The concluding installment of Peter Jackson's misbegotten Hobbit trilogy is an action-packed muddle. There are some terrific shots and scenes, and of course the digital effects are top-of-the-line. But the story, a continued inflation of J.R.R. Tolkien's slender 1937 novel, remains emptily overstuffed; and the endless noisy contentions between the titular five armies (or four, or possibly six, maybe more) soon challenge our ability to care about what's going on.
The movie's most effectively spectacular sequence comes right at the beginning, which takes up where the previous film, The Desolation of Smaug, left off. Smaug, the fire-breathing dragon who speaks with the voice of Benedict Cumberbatch, has been forcibly evicted from the gold-filled dwarf mountain of Erebor and is now winging his way toward the nearby human settlement of Laketown. Here we have Jackson at his best, deploying meticulous production design and soaring camerawork to create a landscape of flaming devastation. This is exciting stuff, and we're primed for more of it. Unfortunately, the director proceeds to give us way too much, and the picture quickly begins to sag.
It should be noted that Bilbo Baggins (Martin Freeman), the adventuring hobbit at the center of Tolkien's tale, sits out much of this picture, and that the beloved wizard Gandalf (Ian McKellen, as always) is similarly sidelined—at the beginning he's been imprisoned by the evil Sauron (a character not yet named in Tolkien's book) and is being menaced by the dark lord's wispy minions, the Nazgûl. This leaves us to focus on the Dwarf king Thorin (Richard Armitage), enthroned amid his vast dunes of gold coins and whatnot, who is slowly going mad in his search for the ambiguously important Arkenstone. Thorin's recovered treasure has drawn the covetous attention of various other tribes, and before long a contingent of elves arrives, led by the serenely courageous Thranduil (Lee Pace), who's intent on retrieving some sacred elvish gems that had also been appropriated by Smaug.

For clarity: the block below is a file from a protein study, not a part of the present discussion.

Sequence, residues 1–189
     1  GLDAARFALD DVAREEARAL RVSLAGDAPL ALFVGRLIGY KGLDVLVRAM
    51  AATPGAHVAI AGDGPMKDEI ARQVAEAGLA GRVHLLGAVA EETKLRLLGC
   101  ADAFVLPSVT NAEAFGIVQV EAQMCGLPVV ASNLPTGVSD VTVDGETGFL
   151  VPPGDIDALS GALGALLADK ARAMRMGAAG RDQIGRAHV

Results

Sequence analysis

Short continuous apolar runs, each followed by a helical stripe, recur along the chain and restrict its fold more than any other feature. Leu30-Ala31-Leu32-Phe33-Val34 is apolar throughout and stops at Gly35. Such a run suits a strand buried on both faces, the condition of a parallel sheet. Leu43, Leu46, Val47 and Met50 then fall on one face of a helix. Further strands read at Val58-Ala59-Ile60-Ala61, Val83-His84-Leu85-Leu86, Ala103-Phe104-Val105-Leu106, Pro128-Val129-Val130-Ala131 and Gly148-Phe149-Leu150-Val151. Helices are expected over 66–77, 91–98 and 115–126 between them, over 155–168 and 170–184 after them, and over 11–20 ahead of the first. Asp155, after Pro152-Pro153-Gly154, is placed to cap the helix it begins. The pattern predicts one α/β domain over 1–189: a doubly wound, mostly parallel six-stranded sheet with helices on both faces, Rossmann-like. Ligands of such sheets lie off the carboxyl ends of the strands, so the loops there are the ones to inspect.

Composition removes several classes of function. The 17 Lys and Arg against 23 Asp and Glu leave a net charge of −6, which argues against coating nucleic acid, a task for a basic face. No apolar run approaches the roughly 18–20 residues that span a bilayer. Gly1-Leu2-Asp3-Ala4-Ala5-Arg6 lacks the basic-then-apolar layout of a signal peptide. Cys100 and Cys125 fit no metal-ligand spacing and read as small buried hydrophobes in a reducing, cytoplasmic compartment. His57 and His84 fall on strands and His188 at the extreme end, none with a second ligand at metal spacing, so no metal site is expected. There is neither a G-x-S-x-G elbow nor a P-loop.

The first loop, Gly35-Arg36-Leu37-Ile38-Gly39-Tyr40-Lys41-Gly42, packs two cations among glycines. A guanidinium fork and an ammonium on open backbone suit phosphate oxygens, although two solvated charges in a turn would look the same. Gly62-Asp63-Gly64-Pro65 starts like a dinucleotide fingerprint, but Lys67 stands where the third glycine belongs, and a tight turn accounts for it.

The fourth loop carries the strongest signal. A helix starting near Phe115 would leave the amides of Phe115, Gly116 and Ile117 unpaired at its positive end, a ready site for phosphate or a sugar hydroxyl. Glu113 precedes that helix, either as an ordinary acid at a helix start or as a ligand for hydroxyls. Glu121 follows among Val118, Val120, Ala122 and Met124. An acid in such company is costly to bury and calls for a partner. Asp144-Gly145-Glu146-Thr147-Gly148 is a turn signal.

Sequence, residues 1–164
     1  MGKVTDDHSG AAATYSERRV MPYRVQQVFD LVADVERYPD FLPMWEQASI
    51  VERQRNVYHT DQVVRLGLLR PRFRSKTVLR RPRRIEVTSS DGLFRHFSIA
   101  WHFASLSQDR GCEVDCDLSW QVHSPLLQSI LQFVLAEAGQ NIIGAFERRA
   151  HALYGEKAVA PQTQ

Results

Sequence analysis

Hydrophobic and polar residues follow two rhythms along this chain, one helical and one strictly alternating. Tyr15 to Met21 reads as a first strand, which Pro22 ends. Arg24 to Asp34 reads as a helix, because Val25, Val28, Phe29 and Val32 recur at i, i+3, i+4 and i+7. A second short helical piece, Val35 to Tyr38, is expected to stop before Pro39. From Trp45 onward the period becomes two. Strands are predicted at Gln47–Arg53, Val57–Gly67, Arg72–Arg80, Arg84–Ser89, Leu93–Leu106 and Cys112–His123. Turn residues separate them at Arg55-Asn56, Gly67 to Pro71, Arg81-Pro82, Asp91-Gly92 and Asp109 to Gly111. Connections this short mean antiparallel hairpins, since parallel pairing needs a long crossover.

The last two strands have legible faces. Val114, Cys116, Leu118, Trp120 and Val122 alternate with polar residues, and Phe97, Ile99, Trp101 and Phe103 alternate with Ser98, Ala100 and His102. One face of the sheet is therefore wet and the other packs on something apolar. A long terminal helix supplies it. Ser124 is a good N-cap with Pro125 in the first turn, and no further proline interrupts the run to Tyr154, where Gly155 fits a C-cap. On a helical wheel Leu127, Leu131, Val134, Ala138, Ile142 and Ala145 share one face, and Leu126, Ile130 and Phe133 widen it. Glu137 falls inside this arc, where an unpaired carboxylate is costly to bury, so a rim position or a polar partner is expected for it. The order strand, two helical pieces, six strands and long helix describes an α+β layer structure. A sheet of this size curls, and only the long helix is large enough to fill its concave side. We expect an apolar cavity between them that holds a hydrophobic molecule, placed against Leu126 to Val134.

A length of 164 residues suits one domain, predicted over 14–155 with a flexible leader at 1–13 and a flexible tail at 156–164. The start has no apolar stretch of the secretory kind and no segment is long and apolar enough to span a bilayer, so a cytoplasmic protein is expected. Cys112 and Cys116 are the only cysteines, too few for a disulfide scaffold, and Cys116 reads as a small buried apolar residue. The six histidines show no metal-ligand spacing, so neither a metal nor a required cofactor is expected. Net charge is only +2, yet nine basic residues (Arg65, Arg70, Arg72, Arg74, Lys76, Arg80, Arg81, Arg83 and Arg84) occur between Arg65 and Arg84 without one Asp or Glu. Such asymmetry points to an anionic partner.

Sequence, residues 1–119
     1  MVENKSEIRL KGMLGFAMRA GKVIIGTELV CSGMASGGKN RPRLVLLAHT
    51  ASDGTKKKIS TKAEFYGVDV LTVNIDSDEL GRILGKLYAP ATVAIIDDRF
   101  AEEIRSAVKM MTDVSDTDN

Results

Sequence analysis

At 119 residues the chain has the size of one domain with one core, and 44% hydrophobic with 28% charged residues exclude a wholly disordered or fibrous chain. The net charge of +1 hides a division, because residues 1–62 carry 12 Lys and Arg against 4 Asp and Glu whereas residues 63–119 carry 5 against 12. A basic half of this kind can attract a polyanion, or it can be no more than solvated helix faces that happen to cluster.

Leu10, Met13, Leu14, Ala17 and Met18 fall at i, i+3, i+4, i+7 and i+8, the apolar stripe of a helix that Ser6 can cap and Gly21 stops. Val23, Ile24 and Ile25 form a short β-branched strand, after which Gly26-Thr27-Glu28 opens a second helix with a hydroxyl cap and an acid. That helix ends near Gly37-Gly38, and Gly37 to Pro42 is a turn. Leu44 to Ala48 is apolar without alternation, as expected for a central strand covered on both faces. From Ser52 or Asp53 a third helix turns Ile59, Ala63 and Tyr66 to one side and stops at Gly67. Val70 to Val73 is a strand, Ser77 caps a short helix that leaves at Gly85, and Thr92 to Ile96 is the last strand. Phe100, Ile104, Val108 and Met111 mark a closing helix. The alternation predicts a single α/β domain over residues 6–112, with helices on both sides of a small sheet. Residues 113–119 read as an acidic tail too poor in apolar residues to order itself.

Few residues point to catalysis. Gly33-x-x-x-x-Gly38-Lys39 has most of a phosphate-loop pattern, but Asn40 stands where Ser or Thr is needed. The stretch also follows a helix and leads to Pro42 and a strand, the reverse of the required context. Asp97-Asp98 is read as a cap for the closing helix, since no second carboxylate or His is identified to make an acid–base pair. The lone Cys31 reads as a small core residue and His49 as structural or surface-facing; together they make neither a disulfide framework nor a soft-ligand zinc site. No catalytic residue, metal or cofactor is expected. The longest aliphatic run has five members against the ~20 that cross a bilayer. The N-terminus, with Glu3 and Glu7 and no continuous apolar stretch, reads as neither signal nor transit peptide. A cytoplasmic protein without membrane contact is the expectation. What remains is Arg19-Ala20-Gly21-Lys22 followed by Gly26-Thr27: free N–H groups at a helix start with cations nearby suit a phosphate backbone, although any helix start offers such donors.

The Elves put this quest aside to help defend the Dwarves and the besieged humans against an army of hideous orcs, led by the snarling Azog (Manu Bennett), who is in turn intent on… well, wasting everybody in sight. There are also armies—or what seem to be armies—of eagles and bats and, for one brief, puzzling moment, monster earthworms that might have been airlifted in from David Lynch's Dune.
While all of this is going on, we get a continuation of the drippy love story involving the stalwart dwarf Kili (Aidan Turner) and the warrior elf Tauriel (Evangeline Lilly). The tiresome wizard Radagast (Sylvester McCoy) also puts in an appearance, along with his ridiculous rabbit wagon; and there's some leaping about by Orlando Bloom's über-blond Legolas as well. Thorin's ancillary dwarves (Bifur, Bofur, Bombur and so forth) are also on hand, for the usual no reason at all.
Once again, though, Jackson gives us a lot to look at. The film's environments—a gothic proliferation of stone stairways inside Erebor, the ramshackle docks and dwellings of Laketown—fill every corner of the screen with wondrous detail. And there's a transfixing scene in which two characters confront each other on a frozen waterway; when the ice cracks, one of them falls through, and we see his body drifting by beneath the translucent floe. It's a brilliant conception, of a sort otherwise largely absent from this movie.
Five Armies is the shortest of the Hobbit films (just under two and a half hours), but it's still too long. And taken together with its predecessors, it once more fails to justify the existence of this whole bloated endeavor. Jackson's Lord of the Rings movies, with their classic moral clarity, gave us a fully realized world; further elaboration has served no purpose. The ending of this picture has been strenuously tailored to hook up with the beginning of the Rings saga, but the resulting comparison of the two trilogies is likely to prove ruinous for this one.